The hero-worship that Simone has for a pop singer is built to a crescendo until she passes out when she finally sees him up-close in a crowd of fans pushing him for autographs. She is later... See full summary »
After the bankruptcy of their father's stonemasonry firm, brothers Nicola and Andrea emigrate to America to restore their fortunes. After many adventures and near-disasters, they end up in ... See full summary »
Joaquim de Almeida,
Claire lives with her wealthy adopted parents in a luxurious and isolated house in the woods. She discovers a wounded and bleeding boy her age in her family's garden shed. The boy is a ... See full summary »
Paula van der Oest
The hero-worship that Simone has for a pop singer is built to a crescendo until she passes out when she finally sees him up-close in a crowd of fans pushing him for autographs. She is later shocked when he lets her know that he does not love her. In an instant, she is caught "in a trance" and feels a murderous urge that is bigger than the both of them. Written by
In her contract, popular German TV moderator Désirée Nosbusch agreed to shoot the nude scenes together with 'Bodo Staiger'. After stills from those scenes were published during the marketing campaign of the film, she tried to stop the release. After a long trial that caused a scandal in German press, she finally lost and the film was released in the original version by director Eckhart Schmidt. Schmidt and Nosbusch reconciled their struggle years after that and became friends again. See more »
Der Fan is a practically unknown horror film; but also a very good one and a film that I would call the definition of a 'sleeper'. The film is halfway between a drama and a horror film with drama taking up the first hour before the horror is unleashed in the final third. Eckhart Schmidt's film draws you into the central character with the slow building opening and successfully lulls his audience into a false sense of security before pulling the rug from under us at the end. The result is very effective and ensures that the horror of the story carries a lot of shock value with it. The film focuses on a schoolgirl named Simone. Simone is a quiet girl, and the reason for that is down her obsession with 'R' - a cheesy eighties pop singer. She's written him a letter in which she declares her undying love and constantly watches the post office for a reply; and is constantly disappointed. She can't concentrate on her schooling and decides to hit the road in order to find her love. She eventually meets him in Munich, but doesn't get the treatment she believes she deserves...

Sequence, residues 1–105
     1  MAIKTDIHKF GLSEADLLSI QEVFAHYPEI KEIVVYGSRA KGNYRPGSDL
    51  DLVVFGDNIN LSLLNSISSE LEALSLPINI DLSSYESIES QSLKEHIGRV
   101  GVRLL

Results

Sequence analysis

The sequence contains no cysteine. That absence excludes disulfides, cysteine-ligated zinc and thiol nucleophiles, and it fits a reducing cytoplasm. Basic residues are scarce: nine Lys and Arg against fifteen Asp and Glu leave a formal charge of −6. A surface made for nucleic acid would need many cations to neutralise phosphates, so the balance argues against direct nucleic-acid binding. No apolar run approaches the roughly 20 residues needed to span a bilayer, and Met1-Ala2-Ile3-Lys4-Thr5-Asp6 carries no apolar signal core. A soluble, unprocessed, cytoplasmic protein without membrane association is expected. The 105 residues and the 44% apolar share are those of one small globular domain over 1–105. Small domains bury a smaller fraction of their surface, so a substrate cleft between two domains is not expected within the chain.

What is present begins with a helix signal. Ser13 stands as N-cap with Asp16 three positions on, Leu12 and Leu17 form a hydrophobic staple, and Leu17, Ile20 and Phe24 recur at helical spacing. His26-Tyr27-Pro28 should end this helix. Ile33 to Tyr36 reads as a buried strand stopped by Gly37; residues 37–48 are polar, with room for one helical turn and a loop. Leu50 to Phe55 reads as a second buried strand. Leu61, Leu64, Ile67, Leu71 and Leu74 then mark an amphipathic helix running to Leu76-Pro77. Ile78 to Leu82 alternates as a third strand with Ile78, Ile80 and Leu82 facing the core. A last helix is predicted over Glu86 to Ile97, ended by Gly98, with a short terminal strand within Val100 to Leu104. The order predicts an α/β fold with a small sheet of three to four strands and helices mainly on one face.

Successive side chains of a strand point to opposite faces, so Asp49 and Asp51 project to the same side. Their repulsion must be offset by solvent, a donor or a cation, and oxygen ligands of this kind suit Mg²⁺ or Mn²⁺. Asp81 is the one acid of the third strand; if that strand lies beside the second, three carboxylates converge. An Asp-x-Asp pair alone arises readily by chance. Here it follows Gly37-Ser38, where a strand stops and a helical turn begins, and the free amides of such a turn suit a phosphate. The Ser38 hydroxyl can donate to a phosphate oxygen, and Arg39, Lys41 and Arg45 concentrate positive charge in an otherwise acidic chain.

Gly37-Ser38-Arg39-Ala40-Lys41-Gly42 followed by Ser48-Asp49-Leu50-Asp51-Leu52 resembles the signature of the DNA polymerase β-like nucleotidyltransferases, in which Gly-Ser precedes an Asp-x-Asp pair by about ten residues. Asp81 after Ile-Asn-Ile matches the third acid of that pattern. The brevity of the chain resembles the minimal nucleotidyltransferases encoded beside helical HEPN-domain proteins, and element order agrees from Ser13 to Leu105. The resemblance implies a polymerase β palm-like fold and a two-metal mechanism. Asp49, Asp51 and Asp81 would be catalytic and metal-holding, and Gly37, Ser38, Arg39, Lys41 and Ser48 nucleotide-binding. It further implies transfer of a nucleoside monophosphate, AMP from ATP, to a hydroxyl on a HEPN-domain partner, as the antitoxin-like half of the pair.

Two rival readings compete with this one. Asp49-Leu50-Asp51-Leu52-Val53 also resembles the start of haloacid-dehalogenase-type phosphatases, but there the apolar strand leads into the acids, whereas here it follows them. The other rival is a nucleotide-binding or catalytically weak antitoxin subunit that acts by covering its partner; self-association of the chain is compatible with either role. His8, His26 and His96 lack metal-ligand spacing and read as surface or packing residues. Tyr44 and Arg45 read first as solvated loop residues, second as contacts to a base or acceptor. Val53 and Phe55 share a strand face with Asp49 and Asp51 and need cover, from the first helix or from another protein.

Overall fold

The film is German and the version I saw was dubbed poorly into English
and that's really the only bad word I have to say about it. The first
hour of the film focuses solely on the main character and her obsession for the pop singer and while I can't say I can relate to it from a personal point of view; the way that things are portrayed makes things interesting. The loneliness of the central character always shines through and even though she's more than just a little bit odd, the director does actually succeed in making us feel bad for her plight. The film is slow for the first hour and not a great deal happens although it really isn't boring and all credit has to go to the film for giving the audience an amazing pay-off towards the end. All the patience invested in the film is surely rewarded when the big twist hits and Eckhart Schmidt delivers a totally bizarre conclusion and brings with it a change of pace that is really difficult to forget. I'm not too surprised that this film isn't often rated more highly as it will undoubtedly struggle to find a target audience; but if you like your horror dark and shocking and have a bit of patience - this little flick is well worth checking out!
5 of 8 people found this review helpful.
Was this review helpful to you?